The duo has a powerful stage appearance and while Volkan was offering flawless, emotionally composed yet aesthetically powerful versions of the songs, Doruk took upon himself the more theatrical representation of the music. Wearing make up that looked even more dramatic under the effect of the stage lighting, he brought to mind Fritz Lang’s Freder in Metropolis. He also resembled a machinist as he was playing the electronic drums in an exaggerated, almost mechanical manner.

At the same time, even though his facial expressions were not changing much during the show, he gave off a similar sense of approachability to Tim Burton’s Edward Scissorhands and Buster Keaton.

The show had a perfect sound and no visuals and at times felt as if the two musicians did not expose themselves emotionally while performing. While QUAL took out his ‘claws’ in order to try and ‘touch’ everybody’s psyche, She Past Away preferred to be rather reserved on stage. The communication Doruk and Volkan achieved with the audience was of different type and at a different level, that of poetic lyrics which cause reflection and motivational rhythms that do not let the body stay still. I have often said that audience in London are quite difficult and even though many people were dancing, and a few screamed out of excitement, some were not paying attention to the show and there seemed to be reservation from the audience as well. ‘Sanri’ and ‘Soluk’ were next on the setlist followed by ‘Katarsis’.We listened to perfectly performed versions of ‘Ritüel’ with Doruk contributing whispering vocals, ‘Ruh’, ‘Kasveti Kutlama’, my absolute favourite ‘Hayaller ?’ and ‘Monoton’ before the much anticipated encore.

It is not often mentioned but I find it very noteworthy that a band with songs performed in Turkish has made such an impact worldwide so quickly. Volkan might now be living in Barcelona and Doruk in Athens “for ideological reasons” as they have said in a recent interview, but their lyrics and the song titles are in Turkish. Now, gothic music seemed to be the ‘territory’ of English speaking bands but when Belirdi Gece was released, it made a blast in the global music scene. I think this happened first of all because the quality of the sound and the vocals was very high (courtesy of both Doruk and Volkan, who produced and engineered both albums) but also because of the unique heaviness and sense of ‘gravity’ that both musicians inspire as a result of their stage appearance and overall aesthetics. It was both their image and the beautiful rhythms of their songs that have left their mark in the audience worldwide. Trying to explain taste in music is quite a fruitless endeavour of course but it is a fact that most of the people in the dark alternative music scene immediately fell in love with the music of She Past Away. The band has also made quite a ‘statement’ by establishing themselves so firmly and so quickly in the gothic scene and this statement is that this music is in no way more appealing when performed solely in English. My curiosity about their lyrics has definitely made the language more appealing to me and when I translated these lyrics with the help of a friend of mine from Izmir, I also realized how poetic they are and this even made me want to learn the language.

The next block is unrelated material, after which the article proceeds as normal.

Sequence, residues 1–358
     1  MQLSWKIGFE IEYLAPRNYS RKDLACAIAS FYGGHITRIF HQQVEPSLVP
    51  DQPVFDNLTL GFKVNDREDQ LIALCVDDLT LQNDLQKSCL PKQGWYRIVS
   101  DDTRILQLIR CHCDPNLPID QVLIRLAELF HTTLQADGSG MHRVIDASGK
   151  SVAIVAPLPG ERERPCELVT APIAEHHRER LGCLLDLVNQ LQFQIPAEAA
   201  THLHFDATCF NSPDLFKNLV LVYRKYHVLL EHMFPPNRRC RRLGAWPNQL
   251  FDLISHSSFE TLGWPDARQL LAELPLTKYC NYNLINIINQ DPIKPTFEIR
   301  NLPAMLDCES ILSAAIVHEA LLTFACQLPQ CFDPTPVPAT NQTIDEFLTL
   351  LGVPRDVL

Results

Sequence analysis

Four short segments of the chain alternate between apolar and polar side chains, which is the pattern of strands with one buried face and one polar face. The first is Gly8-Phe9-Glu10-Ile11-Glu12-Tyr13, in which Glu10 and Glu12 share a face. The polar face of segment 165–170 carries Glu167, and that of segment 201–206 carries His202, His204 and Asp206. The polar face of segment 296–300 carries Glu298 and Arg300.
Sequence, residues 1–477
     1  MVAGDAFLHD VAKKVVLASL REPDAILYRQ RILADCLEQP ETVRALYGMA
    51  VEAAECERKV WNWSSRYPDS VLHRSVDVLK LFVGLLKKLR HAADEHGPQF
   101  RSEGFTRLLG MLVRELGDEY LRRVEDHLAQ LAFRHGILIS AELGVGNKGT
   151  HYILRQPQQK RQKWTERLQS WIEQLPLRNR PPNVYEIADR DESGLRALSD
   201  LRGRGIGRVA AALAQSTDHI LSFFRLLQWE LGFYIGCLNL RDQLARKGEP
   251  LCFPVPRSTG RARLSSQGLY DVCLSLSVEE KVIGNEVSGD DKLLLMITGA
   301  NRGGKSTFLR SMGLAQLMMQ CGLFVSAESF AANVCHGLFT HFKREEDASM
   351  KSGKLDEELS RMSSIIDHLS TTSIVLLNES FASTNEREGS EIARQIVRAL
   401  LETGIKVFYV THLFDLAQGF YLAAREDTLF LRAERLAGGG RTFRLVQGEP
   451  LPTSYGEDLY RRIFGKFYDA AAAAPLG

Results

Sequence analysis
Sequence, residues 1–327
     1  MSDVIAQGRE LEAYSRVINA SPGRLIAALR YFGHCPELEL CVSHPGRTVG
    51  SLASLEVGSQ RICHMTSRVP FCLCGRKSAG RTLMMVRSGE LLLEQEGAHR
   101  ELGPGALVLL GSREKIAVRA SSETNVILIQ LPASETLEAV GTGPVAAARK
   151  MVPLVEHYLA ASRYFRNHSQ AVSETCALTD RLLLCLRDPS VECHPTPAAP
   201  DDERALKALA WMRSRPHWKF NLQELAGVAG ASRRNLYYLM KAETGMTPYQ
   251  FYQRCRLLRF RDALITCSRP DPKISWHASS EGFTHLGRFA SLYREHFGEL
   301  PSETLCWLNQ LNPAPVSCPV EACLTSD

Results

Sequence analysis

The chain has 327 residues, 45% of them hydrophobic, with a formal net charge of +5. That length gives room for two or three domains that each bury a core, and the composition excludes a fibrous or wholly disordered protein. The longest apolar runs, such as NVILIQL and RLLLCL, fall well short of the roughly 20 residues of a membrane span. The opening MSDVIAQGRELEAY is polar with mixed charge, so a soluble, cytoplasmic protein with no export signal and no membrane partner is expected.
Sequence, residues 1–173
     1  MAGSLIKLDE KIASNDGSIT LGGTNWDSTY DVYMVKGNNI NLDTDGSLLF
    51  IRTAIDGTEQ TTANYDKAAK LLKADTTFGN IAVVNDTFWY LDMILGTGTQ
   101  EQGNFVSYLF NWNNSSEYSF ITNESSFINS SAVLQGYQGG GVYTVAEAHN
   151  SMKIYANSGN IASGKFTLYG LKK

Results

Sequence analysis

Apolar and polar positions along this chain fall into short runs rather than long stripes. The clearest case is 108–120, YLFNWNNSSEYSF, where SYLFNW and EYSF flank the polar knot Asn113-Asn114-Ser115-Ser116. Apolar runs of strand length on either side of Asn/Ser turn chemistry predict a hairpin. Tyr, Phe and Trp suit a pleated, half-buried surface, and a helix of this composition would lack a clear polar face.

The set finished with an encore which included ‘Kemir Beni’, ‘Bozbulanik’ and ‘Insanlar’ leaving everyone I saw with the feeling that this was one of the best gigs of this year in London. We have learned that the band is preparing a new album that might be released sometime next year. Until next time, thank you guys for this special appearance


Blaue Rosen box